Ford 6.7-Liter Preventive Maintenance
I have a 2011 Ford F-350 6.7-liter long-bed Crew Cab (King Ranch) in like-new condition that I bought four years ago with 12,000 miles on it. It now has 32,000 miles. We pull a Northwood Arctic Fox 27T fifth-wheel, which makes up about 8,000 of those miles. It’s not a daily driver and does sit for several weeks at a time. I change oil and filters each year, regardless of miles. I use a diesel additive for fuel and oil, and I try to idle down for several minutes after driving to cool down the turbo.
Prior to a recent trip, the engine light came on and the Diagnostic Trouble Code (DTC) was diagnosed as diesel exhaust fluid (DEF) related, which resulted in having the DEF heater and pump replaced. I was told that, although the miles are low, the truck still has age, and that could have been the culprit.
My 6.7-liter is first-generation. Can you offer any advice on maintenance, driving habits, and reported parts that I should look out for? I will say that it pulls 10,000 pounds with ease, and with the exception of that one issue, it’s been trouble-free.
Ford’s 6.7-liter Power Stroke is a wonderful engine in all aspects, compared to the previous Super Duty offerings, with far greater power and overall reliability than other Ford diesels. There are few mechanical problems that appear to be common across the board, whether first-generation (2011 to 2014) or second (2015 to present). One commonality is upper-oil-pan gasket leaks.
Another issue in the earlier 6.7Ls seems to be the failure of the crankcase ventilation (CCV) oil-separator assembly, which will throw a DTC PO4DB. Ford sent out a notice on this (FSA 17M04), so you might check with the service manager at your Ford dealer to see if it applies to your truck.
First-gen 6.7Ls are also known to leak at the vacuum-pump gasket, which can appear to be an oil leak from the front main seal. Of course, failures of the exhaust gas temperature (EGT) sensors are fairly common, as is a failure of the EGR cooler — even on low-mileage engines such as yours — that will usually trip a DTC P0401 code.
Ford diesel technicians also say first-gen 6.7Ls are prone to coolant leaks at the radiator, turbo, oil cooler T-line, and water pump. Turbo coolant fittings on the pre-2017 Power Strokes seem to be the biggest culprit of coolant leaks.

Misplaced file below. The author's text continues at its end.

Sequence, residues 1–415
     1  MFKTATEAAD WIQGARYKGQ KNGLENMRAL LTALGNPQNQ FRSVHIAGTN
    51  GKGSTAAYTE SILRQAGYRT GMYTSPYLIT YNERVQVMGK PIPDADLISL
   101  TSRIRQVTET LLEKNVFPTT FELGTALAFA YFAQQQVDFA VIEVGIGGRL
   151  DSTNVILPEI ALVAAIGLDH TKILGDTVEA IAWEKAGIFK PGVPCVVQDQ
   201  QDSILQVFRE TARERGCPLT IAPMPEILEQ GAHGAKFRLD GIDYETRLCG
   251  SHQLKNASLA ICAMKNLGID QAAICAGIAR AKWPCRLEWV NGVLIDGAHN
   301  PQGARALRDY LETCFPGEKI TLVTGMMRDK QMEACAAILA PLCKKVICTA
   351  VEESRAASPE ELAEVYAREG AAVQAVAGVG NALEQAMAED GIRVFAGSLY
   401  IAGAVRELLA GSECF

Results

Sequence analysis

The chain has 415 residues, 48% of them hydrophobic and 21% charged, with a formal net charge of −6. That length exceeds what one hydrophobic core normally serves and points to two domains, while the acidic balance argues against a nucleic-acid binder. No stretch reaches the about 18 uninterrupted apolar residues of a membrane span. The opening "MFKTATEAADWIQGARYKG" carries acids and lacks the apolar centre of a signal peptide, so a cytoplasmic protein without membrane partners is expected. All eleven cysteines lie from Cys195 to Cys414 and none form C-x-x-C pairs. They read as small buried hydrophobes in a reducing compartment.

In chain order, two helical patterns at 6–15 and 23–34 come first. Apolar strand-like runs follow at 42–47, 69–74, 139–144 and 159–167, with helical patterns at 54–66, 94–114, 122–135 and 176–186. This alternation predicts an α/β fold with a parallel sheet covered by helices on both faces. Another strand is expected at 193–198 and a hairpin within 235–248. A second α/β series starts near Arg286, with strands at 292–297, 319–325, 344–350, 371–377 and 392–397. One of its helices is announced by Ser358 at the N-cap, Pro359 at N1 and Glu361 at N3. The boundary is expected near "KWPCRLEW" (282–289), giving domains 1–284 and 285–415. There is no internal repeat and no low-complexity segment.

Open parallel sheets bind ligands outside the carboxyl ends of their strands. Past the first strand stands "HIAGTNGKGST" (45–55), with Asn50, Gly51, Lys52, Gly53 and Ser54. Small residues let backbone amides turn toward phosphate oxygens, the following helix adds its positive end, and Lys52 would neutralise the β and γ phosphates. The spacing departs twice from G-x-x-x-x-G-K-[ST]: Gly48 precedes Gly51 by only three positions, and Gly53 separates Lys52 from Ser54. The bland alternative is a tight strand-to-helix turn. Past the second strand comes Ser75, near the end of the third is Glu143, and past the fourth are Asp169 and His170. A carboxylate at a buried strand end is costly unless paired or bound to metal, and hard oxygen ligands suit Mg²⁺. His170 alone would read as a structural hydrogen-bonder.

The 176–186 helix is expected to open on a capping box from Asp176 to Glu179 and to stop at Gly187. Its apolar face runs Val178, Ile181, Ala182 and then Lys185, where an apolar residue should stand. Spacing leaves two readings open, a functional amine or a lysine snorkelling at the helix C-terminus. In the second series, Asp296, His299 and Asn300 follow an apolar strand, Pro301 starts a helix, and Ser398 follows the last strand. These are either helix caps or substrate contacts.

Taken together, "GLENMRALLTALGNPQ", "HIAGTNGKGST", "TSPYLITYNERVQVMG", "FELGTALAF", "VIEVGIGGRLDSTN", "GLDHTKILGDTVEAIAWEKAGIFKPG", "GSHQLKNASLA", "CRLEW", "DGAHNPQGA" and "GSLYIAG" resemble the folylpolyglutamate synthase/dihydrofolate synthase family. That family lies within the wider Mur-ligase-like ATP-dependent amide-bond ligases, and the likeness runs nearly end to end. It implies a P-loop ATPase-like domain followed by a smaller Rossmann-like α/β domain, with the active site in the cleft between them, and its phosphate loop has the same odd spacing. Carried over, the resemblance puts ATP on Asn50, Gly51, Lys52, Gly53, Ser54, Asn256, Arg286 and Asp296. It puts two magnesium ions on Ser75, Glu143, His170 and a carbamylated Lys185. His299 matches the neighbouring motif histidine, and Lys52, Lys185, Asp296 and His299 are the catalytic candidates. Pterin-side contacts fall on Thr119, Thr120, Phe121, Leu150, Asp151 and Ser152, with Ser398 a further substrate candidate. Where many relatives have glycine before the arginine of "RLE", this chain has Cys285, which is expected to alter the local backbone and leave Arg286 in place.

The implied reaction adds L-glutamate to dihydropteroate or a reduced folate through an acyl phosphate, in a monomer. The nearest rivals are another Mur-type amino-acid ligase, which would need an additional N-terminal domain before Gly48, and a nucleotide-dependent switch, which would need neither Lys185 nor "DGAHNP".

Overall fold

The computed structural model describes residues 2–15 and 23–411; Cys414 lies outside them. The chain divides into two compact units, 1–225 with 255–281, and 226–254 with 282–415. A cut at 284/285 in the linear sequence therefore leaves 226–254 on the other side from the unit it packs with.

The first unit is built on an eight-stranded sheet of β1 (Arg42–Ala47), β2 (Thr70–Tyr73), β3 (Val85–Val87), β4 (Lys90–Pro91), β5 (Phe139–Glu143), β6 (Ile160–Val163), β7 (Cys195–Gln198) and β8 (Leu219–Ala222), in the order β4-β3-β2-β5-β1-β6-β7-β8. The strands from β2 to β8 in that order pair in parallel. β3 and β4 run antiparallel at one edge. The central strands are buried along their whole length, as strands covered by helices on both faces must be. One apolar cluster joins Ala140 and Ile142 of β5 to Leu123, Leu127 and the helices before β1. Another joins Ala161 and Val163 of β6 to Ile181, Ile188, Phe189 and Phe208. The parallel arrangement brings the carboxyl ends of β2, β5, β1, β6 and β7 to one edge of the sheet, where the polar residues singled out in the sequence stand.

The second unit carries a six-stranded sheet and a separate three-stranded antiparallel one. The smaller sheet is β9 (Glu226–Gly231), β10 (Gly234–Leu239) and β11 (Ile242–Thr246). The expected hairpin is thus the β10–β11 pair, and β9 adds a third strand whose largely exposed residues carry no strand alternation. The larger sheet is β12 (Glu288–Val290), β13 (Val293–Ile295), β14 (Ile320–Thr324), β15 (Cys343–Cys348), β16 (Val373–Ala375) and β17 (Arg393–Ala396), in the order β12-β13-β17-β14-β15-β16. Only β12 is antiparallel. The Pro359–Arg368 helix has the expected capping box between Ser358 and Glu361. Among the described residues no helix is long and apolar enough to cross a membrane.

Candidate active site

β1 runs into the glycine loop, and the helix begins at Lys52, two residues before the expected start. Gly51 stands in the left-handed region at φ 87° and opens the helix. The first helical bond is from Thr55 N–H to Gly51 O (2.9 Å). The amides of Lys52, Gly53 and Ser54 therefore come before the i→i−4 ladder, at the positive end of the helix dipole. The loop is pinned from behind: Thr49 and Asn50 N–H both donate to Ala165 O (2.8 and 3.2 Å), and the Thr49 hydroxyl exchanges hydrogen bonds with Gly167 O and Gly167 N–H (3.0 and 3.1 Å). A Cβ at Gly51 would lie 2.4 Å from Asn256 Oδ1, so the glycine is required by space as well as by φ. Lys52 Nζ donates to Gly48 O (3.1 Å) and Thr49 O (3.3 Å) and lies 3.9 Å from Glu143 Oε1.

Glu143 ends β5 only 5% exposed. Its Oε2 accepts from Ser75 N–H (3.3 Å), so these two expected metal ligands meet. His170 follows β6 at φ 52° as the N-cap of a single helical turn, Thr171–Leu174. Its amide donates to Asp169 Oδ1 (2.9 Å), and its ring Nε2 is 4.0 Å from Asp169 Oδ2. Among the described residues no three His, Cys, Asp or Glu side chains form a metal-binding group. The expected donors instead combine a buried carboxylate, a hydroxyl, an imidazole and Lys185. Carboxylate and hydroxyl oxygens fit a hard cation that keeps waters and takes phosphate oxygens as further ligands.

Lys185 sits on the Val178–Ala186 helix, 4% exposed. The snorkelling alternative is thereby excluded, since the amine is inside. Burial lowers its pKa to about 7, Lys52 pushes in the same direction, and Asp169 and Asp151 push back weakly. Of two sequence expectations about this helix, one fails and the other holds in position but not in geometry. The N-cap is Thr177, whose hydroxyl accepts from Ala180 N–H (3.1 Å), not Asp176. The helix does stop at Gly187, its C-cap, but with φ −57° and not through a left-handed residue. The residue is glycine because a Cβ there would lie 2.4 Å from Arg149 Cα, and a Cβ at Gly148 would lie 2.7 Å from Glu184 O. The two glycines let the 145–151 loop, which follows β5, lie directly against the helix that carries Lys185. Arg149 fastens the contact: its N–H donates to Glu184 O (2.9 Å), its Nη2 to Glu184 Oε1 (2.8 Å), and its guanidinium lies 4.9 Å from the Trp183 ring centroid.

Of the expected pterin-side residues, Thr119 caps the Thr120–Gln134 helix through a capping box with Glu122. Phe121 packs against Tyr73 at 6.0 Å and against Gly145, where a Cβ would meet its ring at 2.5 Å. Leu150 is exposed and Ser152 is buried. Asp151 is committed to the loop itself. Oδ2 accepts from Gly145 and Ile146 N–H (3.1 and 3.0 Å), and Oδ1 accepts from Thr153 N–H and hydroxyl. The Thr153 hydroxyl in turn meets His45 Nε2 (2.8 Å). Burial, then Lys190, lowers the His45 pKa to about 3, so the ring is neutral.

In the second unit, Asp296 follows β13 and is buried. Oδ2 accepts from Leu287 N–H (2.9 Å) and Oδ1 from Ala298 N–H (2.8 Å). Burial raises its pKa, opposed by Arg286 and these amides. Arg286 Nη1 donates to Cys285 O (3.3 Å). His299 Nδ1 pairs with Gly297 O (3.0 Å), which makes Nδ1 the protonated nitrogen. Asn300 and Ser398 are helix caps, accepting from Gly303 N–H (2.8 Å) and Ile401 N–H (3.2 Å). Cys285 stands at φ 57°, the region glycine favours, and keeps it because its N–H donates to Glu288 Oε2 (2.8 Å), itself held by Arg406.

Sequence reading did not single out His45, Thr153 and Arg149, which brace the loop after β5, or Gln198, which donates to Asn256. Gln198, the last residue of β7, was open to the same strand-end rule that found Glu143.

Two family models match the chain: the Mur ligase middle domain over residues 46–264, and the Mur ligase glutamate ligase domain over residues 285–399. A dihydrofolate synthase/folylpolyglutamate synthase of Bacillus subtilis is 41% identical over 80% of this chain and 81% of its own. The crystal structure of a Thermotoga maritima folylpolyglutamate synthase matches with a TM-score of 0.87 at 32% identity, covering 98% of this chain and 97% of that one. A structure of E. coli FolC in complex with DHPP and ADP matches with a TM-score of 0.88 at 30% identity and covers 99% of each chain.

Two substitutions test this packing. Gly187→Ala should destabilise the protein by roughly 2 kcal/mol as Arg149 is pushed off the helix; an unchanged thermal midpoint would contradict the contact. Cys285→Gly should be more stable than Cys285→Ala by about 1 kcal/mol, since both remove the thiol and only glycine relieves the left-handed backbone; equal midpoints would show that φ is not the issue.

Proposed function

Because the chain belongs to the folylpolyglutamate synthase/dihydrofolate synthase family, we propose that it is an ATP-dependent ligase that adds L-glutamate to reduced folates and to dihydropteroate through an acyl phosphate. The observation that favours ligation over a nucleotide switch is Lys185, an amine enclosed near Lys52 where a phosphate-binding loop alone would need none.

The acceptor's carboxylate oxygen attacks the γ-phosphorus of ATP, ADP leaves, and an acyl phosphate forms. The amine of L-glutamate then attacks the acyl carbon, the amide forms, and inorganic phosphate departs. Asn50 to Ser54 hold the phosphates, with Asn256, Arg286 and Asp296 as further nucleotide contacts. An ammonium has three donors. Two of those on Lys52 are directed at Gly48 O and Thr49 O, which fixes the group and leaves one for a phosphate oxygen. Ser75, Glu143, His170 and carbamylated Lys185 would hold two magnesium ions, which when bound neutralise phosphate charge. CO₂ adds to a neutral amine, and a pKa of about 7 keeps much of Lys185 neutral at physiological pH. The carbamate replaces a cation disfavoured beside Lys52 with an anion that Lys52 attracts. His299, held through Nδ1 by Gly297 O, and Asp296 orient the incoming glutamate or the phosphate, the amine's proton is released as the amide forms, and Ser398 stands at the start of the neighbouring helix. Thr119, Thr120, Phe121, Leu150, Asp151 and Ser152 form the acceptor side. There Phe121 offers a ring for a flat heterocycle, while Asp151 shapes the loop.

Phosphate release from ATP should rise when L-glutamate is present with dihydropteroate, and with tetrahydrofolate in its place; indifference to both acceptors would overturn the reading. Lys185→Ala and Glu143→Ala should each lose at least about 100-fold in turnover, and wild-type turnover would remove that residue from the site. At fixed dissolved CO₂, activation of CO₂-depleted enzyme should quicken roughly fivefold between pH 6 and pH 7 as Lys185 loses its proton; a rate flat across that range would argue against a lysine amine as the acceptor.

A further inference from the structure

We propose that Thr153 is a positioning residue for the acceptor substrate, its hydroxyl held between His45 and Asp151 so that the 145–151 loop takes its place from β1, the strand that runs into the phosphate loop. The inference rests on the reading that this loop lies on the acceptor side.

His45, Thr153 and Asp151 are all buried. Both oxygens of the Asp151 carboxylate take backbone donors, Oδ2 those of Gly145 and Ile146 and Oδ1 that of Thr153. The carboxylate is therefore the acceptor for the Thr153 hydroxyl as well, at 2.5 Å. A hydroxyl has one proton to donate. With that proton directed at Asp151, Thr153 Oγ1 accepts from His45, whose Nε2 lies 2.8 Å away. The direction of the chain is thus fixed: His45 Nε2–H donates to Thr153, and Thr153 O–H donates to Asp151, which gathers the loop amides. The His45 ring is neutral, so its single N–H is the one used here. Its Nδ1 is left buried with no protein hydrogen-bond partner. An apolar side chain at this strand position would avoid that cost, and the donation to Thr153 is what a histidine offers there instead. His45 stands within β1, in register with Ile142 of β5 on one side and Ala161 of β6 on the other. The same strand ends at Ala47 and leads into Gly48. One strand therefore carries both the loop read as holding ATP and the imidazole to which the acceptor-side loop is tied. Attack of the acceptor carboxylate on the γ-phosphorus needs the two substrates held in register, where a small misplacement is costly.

Also be aware that the VGT Garrett GT32 turbos on those early 6.7Ls have seen their fair share of bearing failures, which led to the change in turbo size/design in the 2017 and newer models, and many owners are now retrofitting 2011 to 2106 models with the Garrett GT37 or similar turbo.
Then there’s the DEF issue you already experienced: the heating element inside the DEF sending unit failing, requiring replacement of the entire assembly.
As for maintenance tips and driving, continue doing what you are doing. Change all the filters per the owner’s manual and diesel-engine supplement guidelines as stated under “severe duty” use. Use the highest quality lubricants available.
One tip a Power Stroke engineer that worked on the development of the 6.7-liter models passed on to me is having the transmission flushed/serviced every 75,000 miles, instead of at 150,000 miles as stated in the Scheduled Maintenance Guide, and replacing the accessory drive belt(s) at the same time.
If you plan on keeping this truck around for a long time, taking care of both the engine and the transmission will pay off years down the road compared to someone who was less diligent on the preventive-maintenance aspects.
Allison Safe Operating Temperature
What is the maximum safe operating temperature for my Allison transmission?
A general rule of thumb is a GM Duramax Allison five- and six-speed automatic will typically operate around 170 to 200 degrees Fahrenheit in non-towing/hauling conditions. The ideal operating temp is around 175 degrees. Towing and truck-camper hauling will typically push those temperatures upward to 210 to 240 degrees.
GM included the following in the diesel supplement for earlier Duramaxes: “If your vehicle has an Allison transmission, and the fluid reaches temperatures of approximately 275 degrees Fahrenheit or greater, the Driver Information Center will display a “Trans Hot Idle Engine” warning message, and a chime will sound until the temperature falls below 265 degrees. Pull the vehicle off the roadway when it is safe to do so. Set the parking brake, place the transmission in Park and allow the engine to idle until the transmission temperature falls below 265 degrees.”
For some reason, the later manuals don’t mention this information. If you are seeing temps hovering around 200 to 210 degrees in non-towing driving, and 230 to 240 degrees when towing, I recommend that you have the factory cooling system checked out and flushed, and consider having an auxiliary transmission cooler installed or upgrading to a more efficient aftermarket radiator.